Healthy people may prefer a diet with low gluten content to combat discomfort in the gut or overweight.
Maintaining a strict gluten-free diet is a necessity for allergy sufferers throughout their lives, now many people choose a low-gluten diet, even if they are not allergic to diet. This trend triggered a public debate about whether gluten-free diets are worth recommending to people without allergies. Researchers at the University of Copenhagen were doing just that. The findings were recorded in the journal Nature Communications.
In an intervention study of healthy Danish adults, an international team of researchers shows that a low-gluten, but high-fiber diet, changes the intestinal bacteria community and reduces gastrointestinal complaints, such as flatulence and is associated with modest weight loss. Changes in intestinal comfort and body weight refer to changes in the composition and function of intestinal bacteria.
"We show that a diet high in gluten with a low gluten content compared to a high gluten diet induces changes in the structure and function of a complex intestinal bacterial ecosystem, reduces hydrogen exhale and leads to improvement in reported. Moreover, we observed a small weight loss, probably due to increased burning of the organism caused by altered intestinal bacterial functions "- explained the leading investigator of the process, Professor Oluf Pedersen.
The change in the composition of dietary fiber seems to be the cause.
Researchers conducted a randomized, controlled clinical study of 60 healthy Danish middle-aged adults with two eight-week interventions comparing a low gluten (2g gluten daily) diet with a high gluten diet (18g gluten per day). ), separated by a washout period of at least six weeks with the usual diet (12 g gluten per day).
Both diets were balanced in terms of the number of calories and nutrients, including the same amount of dietary fiber. However, the fiber composition was clearly different between the two diets.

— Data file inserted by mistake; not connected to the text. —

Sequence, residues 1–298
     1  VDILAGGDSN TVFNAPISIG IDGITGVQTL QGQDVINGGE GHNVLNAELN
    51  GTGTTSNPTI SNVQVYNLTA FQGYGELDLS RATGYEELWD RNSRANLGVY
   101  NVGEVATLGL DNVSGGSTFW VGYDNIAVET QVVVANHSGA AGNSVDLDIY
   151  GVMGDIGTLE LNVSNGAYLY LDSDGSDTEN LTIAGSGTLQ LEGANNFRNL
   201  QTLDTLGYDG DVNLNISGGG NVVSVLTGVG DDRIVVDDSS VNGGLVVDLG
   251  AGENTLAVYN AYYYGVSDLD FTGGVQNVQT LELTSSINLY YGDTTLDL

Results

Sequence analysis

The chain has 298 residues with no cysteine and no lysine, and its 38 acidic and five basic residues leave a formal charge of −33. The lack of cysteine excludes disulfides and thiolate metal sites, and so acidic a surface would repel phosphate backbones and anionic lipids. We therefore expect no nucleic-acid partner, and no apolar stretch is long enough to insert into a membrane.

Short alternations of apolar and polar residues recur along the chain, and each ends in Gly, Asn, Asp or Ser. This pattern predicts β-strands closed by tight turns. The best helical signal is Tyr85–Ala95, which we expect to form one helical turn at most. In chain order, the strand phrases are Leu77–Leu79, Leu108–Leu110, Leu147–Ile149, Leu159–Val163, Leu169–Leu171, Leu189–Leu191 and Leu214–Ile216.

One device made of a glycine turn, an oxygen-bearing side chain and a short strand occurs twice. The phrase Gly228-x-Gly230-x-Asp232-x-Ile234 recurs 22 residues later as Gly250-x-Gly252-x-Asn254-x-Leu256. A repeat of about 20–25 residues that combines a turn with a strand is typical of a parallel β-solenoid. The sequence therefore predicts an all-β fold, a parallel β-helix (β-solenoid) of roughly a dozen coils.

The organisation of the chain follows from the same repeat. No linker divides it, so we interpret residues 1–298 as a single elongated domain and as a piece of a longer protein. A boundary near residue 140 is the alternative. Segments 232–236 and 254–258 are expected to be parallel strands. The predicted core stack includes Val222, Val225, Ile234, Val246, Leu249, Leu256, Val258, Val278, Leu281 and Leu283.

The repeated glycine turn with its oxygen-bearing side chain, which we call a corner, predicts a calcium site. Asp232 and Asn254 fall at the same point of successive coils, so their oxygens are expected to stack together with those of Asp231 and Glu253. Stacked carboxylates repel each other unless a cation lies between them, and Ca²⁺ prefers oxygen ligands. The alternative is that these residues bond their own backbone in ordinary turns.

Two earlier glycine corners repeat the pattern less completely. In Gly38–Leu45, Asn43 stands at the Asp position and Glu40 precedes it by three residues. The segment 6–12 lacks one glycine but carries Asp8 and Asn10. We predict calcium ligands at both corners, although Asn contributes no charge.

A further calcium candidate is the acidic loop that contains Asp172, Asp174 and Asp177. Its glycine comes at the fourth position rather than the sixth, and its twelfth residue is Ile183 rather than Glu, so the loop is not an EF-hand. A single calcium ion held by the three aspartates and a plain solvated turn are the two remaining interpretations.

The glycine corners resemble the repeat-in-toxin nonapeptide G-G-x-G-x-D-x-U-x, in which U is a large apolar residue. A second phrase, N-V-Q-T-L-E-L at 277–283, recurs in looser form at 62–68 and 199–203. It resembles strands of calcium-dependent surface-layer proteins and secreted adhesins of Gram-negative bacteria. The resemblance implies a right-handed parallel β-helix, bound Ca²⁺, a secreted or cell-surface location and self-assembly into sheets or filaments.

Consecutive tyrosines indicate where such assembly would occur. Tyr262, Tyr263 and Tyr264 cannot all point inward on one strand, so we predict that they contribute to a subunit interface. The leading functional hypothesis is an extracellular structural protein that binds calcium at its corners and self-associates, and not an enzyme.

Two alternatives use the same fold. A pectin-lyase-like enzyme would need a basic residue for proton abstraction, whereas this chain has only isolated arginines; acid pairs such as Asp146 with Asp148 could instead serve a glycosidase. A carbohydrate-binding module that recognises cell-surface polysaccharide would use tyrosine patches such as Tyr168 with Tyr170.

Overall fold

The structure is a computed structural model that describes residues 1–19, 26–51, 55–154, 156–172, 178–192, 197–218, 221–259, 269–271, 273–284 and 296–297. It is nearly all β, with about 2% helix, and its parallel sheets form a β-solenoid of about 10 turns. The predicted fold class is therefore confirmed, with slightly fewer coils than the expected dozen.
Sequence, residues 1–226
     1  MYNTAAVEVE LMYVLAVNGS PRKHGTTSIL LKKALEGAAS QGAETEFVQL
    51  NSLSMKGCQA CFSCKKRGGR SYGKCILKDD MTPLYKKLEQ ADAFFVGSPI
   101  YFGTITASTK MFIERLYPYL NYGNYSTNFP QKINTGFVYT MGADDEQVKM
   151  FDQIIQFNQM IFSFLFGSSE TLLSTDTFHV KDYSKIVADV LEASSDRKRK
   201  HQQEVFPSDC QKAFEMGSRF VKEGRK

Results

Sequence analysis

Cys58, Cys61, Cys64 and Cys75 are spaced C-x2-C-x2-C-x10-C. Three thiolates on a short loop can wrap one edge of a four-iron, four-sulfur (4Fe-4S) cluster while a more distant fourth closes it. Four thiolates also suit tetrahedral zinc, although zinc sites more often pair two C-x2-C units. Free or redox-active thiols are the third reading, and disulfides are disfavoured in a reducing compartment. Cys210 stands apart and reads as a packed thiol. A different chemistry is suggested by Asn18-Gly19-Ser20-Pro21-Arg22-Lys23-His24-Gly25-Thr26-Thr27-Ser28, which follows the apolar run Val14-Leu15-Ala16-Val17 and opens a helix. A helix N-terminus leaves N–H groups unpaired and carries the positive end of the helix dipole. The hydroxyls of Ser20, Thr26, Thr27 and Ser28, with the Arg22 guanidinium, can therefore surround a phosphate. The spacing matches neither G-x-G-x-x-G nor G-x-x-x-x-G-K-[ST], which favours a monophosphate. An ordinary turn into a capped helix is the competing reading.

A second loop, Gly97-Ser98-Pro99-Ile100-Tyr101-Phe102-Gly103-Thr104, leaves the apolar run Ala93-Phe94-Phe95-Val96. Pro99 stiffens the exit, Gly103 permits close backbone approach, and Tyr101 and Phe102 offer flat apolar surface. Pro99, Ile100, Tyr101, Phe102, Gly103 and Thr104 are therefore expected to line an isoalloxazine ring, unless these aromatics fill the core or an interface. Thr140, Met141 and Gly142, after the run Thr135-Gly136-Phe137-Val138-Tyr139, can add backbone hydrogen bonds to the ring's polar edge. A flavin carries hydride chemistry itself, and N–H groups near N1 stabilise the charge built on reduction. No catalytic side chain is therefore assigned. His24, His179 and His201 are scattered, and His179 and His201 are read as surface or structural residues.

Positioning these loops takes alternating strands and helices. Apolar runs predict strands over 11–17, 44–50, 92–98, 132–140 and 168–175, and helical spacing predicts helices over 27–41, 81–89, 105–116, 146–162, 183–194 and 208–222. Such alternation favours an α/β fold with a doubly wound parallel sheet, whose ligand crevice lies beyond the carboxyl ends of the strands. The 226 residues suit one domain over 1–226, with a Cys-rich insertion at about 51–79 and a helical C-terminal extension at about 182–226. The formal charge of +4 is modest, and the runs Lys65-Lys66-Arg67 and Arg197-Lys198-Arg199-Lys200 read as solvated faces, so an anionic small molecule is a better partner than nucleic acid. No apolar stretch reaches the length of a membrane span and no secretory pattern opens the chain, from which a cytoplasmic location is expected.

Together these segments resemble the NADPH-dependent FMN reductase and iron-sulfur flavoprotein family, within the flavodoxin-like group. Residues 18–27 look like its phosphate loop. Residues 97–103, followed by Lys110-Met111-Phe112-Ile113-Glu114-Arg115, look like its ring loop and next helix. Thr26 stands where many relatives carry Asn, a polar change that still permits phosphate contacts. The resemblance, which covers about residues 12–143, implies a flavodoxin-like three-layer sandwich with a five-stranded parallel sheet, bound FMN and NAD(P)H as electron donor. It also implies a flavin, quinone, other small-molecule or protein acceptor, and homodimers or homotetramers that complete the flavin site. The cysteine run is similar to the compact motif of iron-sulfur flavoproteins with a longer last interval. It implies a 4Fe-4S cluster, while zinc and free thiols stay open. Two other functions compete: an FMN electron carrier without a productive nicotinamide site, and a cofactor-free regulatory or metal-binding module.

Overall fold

Based on the observation of altered fermentation patterns of intestinal bacteria, the researchers found that the effect of a low-fat diet in healthy people may not be due mainly to a reduced intake of gluten alone, but rather a change in fiber composition by reducing wheat and rye fiber and replacing them with vegetable fibers , brown rice, corn, oats and quinoa. There are no grounds to change dietary recommendations.
Previously, a low-gluten diet was proposed to reduce gastrointestinal symptoms in patients with inflammatory bowel disease and irritable bowel syndrome, a disorder that affects up to 20 percent of the total Western population.
This study suggests that even some healthy people may prefer a diet with low gluten content to combat discomfort in the gut or overweight.
"More long-term research is needed before public health advice is taken for the general population, in particular because dietary fibers – and not the lack of gluten itself – are the main cause of changes in discomfort and intestinal fluid. food industry, and gluten-free may not be a healthy choice that many people consider to be ", said Pedersen.
"Most of the gluten-free foods currently available on the market are mass-free dietary fiber and natural nutrients, so there is an obvious need for the availability of nutrient-enriched, high-quality, gluten-free foodstuffs that are fresh or minimally processed for consumers who prefer a low-gluten diet, Such initiatives may prove to be crucial to alleviate gastrointestinal discomfort, and to help facilitate weight control in the general population by modifying the intestinal microflora "- he concluded.